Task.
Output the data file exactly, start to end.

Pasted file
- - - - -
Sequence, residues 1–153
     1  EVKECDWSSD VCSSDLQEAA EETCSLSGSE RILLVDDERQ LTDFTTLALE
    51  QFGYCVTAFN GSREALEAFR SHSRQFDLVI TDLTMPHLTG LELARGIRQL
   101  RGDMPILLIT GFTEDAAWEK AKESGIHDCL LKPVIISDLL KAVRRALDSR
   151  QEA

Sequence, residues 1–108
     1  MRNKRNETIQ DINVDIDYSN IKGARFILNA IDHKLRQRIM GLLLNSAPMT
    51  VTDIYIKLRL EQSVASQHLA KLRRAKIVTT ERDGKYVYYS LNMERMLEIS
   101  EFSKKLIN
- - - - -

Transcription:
Sequence, residues 1–153
     1  EVKECDWSSD VCSSDLQEAA EETCSLSGSE RILLVDDERQ LTDFTTLALE
    51  QFGYCVTAFN GSREALEAFR SHSRQFDLVI TDLTMPHLTG LELARGIRQL
   101  RGDMPILLIT GFTEDAAWEK AKESGIHDCL LKPVIISDLL KAVRRALDSR
   151  QEA

Sequence, residues 1–108
     1  MRNKRNETIQ DINVDIDYSN IKGARFILNA IDHKLRQRIM GLLLNSAPMT
    51  VTDIYIKLRL EQSVASQHLA KLRRAKIVTT ERDGKYVYYS LNMERMLEIS
   101  EFSKKLIN